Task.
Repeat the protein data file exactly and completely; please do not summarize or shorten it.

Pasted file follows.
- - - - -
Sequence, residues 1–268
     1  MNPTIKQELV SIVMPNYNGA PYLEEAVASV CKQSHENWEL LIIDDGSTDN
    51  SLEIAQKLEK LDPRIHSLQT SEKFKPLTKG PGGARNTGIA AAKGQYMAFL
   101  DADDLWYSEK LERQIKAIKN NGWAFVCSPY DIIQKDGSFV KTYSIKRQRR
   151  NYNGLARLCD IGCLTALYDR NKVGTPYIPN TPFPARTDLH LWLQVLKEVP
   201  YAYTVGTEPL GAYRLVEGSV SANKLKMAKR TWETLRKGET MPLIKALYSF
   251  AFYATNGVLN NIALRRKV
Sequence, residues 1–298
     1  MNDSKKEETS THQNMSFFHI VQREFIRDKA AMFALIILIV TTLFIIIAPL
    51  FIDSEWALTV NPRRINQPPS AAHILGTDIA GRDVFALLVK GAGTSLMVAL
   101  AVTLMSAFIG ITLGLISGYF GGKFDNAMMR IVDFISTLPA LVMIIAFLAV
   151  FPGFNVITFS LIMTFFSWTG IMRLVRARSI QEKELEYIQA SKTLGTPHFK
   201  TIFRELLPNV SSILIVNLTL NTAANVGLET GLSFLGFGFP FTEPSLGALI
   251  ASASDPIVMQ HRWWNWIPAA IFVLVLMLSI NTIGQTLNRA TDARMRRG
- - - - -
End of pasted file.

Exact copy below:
Sequence, residues 1–268
     1  MNPTIKQELV SIVMPNYNGA PYLEEAVASV CKQSHENWEL LIIDDGSTDN
    51  SLEIAQKLEK LDPRIHSLQT SEKFKPLTKG PGGARNTGIA AAKGQYMAFL
   101  DADDLWYSEK LERQIKAIKN NGWAFVCSPY DIIQKDGSFV KTYSIKRQRR
   151  NYNGLARLCD IGCLTALYDR NKVGTPYIPN TPFPARTDLH LWLQVLKEVP
   201  YAYTVGTEPL GAYRLVEGSV SANKLKMAKR TWETLRKGET MPLIKALYSF
   251  AFYATNGVLN NIALRRKV
Sequence, residues 1–298
     1  MNDSKKEETS THQNMSFFHI VQREFIRDKA AMFALIILIV TTLFIIIAPL
    51  FIDSEWALTV NPRRINQPPS AAHILGTDIA GRDVFALLVK GAGTSLMVAL
   101  AVTLMSAFIG ITLGLISGYF GGKFDNAMMR IVDFISTLPA LVMIIAFLAV
   151  FPGFNVITFS LIMTFFSWTG IMRLVRARSI QEKELEYIQA SKTLGTPHFK
   201  TIFRELLPNV SSILIVNLTL NTAANVGLET GLSFLGFGFP FTEPSLGALI
   251  ASASDPIVMQ HRWWNWIPAA IFVLVLMLSI NTIGQTLNRA TDARMRRG